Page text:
Andrea and I recently decided to put in a wood stove but as easy as that sounds, a lot of work went into installing the stove and ensuring the fireplace surround would be appropriate. The following pictures show you some of the process we went through.

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The fireplace before refacing and installing the wood stove.

Fireplace before

The fireplace before refacing and installing the wood stove.

A close-up of the fireplace before refacing and installing the wood stove.

Fireplace before close-up

A close-up of the fireplace before refacing and installing the wood stove.

Partially completed re-tiling of the fireplace.

Partially re-tiled fireplace

The floor tiles are almost completed while the thinset mortar dries on the vertical surface.

Tiling the vertical surface of the fireplace.

Vertical tiling

Tiling the vertical surface of the fireplace.

Laying out the tiles prior to installation

Laying out tiles

It helps to lay out the tiles prior to the installation, especially for the vertical surface.

The fireplace after being refaced with slate.

Refaced fireplace

The fireplace after being refaced with slate.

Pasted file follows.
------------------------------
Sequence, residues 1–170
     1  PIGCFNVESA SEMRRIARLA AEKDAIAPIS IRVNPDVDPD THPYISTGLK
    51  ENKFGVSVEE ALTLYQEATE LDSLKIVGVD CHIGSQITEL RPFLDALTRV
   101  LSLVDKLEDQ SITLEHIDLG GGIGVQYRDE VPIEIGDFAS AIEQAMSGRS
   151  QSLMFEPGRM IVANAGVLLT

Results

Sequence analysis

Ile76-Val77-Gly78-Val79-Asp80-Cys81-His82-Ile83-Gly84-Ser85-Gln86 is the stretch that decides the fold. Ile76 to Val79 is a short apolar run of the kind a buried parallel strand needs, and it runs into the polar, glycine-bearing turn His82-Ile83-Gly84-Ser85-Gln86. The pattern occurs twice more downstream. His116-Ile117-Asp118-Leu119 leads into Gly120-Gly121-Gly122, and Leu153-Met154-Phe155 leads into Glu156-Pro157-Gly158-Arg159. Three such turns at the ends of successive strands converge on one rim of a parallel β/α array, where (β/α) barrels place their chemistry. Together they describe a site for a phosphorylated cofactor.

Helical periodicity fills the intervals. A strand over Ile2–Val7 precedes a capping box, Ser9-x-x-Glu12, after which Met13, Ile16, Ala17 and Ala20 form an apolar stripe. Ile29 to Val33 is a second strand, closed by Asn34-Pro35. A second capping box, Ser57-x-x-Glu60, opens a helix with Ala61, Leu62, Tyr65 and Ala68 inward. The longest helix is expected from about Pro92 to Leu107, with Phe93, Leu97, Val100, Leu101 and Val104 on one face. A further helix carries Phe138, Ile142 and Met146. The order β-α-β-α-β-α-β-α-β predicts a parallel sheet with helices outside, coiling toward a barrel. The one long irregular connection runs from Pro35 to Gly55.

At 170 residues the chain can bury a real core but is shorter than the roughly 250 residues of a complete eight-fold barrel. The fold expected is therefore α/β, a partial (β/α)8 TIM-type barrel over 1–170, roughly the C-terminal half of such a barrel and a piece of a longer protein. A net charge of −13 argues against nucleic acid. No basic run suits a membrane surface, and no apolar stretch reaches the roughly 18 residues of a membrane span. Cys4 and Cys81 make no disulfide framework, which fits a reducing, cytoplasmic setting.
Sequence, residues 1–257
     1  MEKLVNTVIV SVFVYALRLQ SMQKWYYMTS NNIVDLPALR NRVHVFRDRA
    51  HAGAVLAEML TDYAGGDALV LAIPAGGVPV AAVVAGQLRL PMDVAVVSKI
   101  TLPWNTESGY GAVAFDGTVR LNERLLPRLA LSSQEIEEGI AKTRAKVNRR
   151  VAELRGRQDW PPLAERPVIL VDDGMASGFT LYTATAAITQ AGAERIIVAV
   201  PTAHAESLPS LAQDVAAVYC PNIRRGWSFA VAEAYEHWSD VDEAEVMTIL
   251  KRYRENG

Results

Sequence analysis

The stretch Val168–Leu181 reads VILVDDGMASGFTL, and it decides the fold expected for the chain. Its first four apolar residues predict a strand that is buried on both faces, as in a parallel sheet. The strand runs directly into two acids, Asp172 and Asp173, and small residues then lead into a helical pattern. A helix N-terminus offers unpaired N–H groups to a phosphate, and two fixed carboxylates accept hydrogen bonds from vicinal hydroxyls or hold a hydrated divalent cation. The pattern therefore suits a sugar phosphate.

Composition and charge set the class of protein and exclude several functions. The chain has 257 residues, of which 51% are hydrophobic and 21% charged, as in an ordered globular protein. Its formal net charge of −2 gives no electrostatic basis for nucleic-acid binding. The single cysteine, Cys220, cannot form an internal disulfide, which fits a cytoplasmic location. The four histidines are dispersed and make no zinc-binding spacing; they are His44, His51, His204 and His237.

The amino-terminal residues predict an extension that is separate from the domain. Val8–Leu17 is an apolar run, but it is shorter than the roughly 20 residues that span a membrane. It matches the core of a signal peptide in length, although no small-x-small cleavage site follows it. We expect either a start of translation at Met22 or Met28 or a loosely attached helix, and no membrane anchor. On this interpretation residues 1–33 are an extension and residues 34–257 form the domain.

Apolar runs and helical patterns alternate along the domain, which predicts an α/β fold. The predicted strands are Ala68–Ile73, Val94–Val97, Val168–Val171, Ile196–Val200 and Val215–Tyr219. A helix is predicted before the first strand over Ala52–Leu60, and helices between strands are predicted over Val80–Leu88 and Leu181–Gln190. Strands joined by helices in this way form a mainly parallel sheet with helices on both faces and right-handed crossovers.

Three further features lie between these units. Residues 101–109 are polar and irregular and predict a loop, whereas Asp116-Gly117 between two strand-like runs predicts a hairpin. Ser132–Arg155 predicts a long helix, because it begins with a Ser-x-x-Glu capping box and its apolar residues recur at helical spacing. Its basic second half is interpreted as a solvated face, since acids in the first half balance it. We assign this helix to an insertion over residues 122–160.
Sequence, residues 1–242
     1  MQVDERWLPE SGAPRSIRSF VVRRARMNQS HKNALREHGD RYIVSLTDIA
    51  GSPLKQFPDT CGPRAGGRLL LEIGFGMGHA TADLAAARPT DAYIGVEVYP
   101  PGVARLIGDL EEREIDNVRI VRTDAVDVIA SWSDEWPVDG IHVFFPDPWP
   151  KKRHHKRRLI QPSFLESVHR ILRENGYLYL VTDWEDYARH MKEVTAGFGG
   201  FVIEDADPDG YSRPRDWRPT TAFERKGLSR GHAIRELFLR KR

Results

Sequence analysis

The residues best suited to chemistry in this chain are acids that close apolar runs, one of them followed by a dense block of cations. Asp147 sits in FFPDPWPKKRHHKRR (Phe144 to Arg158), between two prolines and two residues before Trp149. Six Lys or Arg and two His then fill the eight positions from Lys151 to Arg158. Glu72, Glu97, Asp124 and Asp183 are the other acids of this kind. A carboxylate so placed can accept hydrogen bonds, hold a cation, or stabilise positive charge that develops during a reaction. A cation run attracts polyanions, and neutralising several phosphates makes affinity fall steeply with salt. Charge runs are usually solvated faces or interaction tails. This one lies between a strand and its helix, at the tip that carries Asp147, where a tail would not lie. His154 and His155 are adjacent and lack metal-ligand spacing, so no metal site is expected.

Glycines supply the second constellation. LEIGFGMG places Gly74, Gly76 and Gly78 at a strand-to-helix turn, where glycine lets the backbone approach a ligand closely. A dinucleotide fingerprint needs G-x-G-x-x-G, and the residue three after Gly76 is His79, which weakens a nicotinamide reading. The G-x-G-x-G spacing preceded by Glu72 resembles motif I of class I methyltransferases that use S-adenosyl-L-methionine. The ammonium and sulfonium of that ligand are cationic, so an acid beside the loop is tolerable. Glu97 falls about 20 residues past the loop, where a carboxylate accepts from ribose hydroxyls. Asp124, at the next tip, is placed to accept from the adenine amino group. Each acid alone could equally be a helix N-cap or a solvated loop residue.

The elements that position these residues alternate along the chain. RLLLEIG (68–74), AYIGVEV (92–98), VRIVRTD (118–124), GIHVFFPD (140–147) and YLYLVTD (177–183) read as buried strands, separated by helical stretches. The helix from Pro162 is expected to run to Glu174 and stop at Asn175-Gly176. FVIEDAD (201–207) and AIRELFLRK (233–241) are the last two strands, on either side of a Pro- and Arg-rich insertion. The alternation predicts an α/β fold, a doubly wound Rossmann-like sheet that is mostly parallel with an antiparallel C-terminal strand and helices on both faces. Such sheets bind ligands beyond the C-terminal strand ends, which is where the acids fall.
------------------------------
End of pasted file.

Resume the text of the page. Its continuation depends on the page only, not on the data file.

Fireplace bricks and damper were removed to fit the 6" flexible liner.

Fireplace bricks removed

Some fireplace bricks and the damper were removed to fit the 6" flexible liner.

Chimney liner being installed.

Chimney liner installation

The stainless steel chimney liner being installed.

The fireplace with a new slate face and a soapstone wood stove from Woodstock Stove Company

Finished Fireplace

The fireplace with a new slate face and a soapstone wood stove from the Woodstock Soapstone Company.

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We had a fireplace that had once been wood-burning, I knew this because there was an old damper and a clean-out shoot below, but had been first converted to gas-burning logs and finally to a nonfunctional fireplace. Once I broke the seal on the old damper and took a look up the chimney, I knew it was going to be possible to add a stainless steel liner and hookup a wood stove. I could tell because it was a straight flue (I could see sky when looking up the chimney) and the existing terracotta tile was in good shape.